“Rather than starting with the language of model-based systems engineering, we work backward from posing the question: ‘What are the decisions you want to make using a model or systems engineering?’”

The courses are broken down into the following:

  1. Architecture of Complex Systems
  2. Models in Engineering
  3. Model-Based Systems Engineering
  4. Quantitative Methods in Systems Engineering

Woody Hoburg: optimization expert

According to Dr. Cameron, Woody is a true optimization expert, and he brought that expertise to the program—particularly in Course 2. “Optimization is essentially a layer we run on top of many models,” Dr. Cameron explained. “If I have a model that describes how a system performs, then I can run an optimization on top of it to determine, for example, the minimum viable weight for the system to still perform all its necessary functions.”

Woody was an MIT faculty member for two years after earning his PhD in electrical engineering and computer science at Berkeley and spending a couple of years at Boeing. “He really participated from the perspective of somebody who had built very detailed models before and was already a well-known expert in optimization,” said Dr. Cameron.

The Balloon Experiment

One of Woody’s most significant contributions at MIT was participating in the balloon experiment, known as “a favorite most-hated project” in the Systems Engineering program.

“The broad purpose of the balloon experiment was to show that you can build models at very different levels of granularity,” Dr. Cameron explained. “You can build a simple model sketched on the back of a napkin, and it might take an hour to code up. You can build a model that takes three people six months to complete. One of the challenges with modeling is you don’t know when to stop. You keep pouring effort into it, hoping it’s going to get better. So we wanted to explore that concept on the front end.”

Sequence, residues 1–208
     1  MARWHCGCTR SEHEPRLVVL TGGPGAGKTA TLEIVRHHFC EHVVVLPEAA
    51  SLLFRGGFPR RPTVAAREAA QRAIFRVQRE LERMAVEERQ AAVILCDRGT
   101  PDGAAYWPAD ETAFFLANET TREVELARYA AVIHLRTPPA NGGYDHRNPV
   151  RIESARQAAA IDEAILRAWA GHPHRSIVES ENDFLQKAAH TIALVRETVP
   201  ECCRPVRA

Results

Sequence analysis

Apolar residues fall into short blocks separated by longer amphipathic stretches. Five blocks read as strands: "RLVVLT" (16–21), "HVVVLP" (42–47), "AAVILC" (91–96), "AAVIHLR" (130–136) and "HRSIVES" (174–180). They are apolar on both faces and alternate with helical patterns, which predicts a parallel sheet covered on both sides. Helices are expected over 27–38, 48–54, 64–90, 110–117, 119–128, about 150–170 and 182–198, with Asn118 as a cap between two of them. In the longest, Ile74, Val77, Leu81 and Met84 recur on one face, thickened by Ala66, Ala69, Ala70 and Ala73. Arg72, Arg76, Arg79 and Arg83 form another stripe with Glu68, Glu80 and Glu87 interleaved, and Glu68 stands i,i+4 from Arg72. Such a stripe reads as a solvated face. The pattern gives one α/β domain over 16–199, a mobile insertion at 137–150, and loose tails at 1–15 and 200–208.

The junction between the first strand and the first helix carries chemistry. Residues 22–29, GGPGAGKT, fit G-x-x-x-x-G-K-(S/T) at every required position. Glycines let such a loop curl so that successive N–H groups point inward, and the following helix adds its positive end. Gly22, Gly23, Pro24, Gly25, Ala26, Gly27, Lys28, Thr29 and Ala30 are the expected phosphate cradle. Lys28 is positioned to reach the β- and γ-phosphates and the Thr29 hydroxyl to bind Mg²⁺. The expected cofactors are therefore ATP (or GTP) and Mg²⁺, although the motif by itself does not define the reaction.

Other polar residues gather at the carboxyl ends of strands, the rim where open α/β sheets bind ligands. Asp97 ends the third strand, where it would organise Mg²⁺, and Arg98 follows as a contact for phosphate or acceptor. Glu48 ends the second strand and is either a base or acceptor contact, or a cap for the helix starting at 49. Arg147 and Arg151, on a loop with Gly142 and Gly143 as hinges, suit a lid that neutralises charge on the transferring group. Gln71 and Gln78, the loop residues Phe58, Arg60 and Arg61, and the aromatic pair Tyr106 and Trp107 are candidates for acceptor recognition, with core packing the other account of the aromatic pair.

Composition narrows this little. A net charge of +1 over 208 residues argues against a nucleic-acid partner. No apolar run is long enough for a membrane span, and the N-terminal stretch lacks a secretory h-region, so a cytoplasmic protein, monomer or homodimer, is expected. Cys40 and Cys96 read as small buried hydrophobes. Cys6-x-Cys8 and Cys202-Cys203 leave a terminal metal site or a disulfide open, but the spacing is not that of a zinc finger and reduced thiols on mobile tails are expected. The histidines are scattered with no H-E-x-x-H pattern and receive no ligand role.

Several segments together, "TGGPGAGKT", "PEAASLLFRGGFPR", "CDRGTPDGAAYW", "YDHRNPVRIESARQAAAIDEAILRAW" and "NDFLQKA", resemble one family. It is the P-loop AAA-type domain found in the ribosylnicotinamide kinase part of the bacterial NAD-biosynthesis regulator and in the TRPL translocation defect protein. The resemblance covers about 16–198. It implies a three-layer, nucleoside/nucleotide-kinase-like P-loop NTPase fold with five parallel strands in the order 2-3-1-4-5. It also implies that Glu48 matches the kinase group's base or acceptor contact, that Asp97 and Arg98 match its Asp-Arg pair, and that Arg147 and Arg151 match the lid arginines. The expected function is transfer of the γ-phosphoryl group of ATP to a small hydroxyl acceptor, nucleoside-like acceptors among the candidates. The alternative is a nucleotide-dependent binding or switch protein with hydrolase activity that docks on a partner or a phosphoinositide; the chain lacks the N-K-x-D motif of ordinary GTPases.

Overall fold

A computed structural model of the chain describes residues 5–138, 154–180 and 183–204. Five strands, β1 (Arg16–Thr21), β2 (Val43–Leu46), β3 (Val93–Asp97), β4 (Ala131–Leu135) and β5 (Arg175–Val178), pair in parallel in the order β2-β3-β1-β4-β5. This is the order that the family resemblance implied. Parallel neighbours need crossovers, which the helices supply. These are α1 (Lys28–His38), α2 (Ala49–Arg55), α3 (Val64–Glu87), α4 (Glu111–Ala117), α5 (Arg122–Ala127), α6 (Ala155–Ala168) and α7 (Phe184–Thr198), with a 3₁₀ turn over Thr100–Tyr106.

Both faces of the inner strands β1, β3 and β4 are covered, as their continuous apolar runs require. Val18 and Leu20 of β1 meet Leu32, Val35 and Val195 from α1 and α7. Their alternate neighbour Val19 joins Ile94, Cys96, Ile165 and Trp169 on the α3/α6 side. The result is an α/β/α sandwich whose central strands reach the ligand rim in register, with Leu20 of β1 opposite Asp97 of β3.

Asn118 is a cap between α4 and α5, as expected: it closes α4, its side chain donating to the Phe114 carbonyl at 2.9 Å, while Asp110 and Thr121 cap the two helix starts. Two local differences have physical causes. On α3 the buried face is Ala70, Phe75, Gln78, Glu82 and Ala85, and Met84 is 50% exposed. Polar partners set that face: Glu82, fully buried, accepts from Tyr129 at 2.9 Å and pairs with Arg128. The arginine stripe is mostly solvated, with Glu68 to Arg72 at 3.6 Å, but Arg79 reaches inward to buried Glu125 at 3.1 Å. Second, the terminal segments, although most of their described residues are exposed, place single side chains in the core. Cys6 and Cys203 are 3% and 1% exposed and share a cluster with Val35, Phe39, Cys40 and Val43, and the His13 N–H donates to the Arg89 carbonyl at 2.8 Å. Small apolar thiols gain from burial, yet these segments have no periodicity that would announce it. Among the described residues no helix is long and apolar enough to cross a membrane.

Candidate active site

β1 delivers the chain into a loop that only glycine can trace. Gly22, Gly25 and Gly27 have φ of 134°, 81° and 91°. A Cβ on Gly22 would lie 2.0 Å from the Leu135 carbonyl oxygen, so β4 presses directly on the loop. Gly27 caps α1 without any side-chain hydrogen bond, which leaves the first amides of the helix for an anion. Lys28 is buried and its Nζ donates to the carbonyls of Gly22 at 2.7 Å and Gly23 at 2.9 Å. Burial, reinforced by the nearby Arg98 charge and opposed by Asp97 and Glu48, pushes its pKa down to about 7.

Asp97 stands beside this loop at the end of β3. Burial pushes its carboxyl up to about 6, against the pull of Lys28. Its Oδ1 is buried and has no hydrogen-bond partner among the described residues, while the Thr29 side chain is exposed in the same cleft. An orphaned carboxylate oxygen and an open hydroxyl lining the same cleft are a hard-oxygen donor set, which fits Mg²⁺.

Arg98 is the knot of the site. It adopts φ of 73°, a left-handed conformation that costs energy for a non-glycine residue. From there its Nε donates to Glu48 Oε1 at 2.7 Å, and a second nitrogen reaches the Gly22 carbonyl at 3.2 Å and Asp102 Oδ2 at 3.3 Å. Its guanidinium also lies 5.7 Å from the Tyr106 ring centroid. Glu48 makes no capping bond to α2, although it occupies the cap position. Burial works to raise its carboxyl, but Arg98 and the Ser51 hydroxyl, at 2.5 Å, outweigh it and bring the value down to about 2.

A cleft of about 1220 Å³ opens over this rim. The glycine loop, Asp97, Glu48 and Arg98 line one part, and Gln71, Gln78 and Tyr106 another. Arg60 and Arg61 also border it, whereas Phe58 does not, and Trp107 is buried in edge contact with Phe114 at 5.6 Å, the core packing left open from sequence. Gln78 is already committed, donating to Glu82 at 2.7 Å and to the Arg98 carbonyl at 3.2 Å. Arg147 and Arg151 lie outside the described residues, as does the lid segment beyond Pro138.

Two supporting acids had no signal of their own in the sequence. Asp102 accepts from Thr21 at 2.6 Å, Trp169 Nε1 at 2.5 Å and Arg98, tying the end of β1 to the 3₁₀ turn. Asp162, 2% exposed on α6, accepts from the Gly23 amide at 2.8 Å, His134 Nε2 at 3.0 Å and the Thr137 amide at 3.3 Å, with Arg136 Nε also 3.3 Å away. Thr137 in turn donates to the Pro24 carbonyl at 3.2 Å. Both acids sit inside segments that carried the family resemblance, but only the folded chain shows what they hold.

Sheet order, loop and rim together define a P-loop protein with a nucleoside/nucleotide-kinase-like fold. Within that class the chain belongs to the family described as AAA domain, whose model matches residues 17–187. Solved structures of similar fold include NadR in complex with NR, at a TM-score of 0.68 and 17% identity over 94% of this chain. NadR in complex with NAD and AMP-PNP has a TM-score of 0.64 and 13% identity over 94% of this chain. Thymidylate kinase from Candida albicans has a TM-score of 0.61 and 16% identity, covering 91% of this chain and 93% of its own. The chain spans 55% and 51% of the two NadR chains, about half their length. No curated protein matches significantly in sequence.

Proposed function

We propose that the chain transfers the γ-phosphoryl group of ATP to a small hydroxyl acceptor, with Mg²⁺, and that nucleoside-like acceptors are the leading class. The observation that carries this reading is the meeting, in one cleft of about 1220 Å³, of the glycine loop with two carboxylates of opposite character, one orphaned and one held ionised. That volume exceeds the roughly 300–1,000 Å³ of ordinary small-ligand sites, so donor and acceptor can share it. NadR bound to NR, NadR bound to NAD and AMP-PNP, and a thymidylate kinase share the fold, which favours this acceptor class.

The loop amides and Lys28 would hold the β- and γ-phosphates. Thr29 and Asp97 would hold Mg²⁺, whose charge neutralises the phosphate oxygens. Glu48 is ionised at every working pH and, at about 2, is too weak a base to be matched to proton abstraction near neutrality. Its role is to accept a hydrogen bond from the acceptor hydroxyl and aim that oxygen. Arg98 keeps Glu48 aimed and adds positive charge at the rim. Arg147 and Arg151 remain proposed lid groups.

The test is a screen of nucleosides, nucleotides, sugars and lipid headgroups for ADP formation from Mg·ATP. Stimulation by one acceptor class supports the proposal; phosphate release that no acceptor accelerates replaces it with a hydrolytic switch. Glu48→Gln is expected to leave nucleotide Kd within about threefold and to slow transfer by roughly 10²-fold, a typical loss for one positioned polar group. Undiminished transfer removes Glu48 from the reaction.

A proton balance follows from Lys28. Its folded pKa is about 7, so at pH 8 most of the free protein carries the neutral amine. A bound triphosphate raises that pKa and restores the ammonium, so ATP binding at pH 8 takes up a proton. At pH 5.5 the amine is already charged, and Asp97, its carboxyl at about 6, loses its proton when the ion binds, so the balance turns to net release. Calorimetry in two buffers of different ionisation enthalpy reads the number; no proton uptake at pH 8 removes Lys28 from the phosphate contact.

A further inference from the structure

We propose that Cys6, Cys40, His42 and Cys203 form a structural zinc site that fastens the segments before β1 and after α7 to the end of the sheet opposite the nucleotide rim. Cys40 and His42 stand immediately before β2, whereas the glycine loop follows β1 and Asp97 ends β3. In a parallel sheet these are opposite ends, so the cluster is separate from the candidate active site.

Woody and Professor Olivier de Weck conducted the balloon experiment in MIT’s iconic Lobby 7, a four-story atrium built in 1916. They filled a balloon with helium and released the balloon from the ground floor, timing the ascent to the ceiling. Using that experiment as their baseline, students were encouraged to examine different models with increasing levels of detail.

The simplest model didn’t account for factors like the balloon dragging or wavering on its ascent. Instead, it assumed that the balloon would simply accelerate as it rose. Students would then compare the answer from the simple model to the test and be given a sense of the error bar on the simple model.

In two subsequent iterations of the model, students added details, accounting for how factors like aerodynamic drag and the balloon’s path could impact speed.

From Modelling Balloon Rise Time to Joining NASA’s Artemis Mission

It’s been a true privilege following Woody’s incredible adventures in space. We’re honored to have such wonderful memories of his time here with us at MIT.

Many learners who participate in MIT xPRO’s Systems Engineering certificate program go on to follow their own inspiring journeys to success. If you’re interested in learning more about the program, we encourage you to check it out!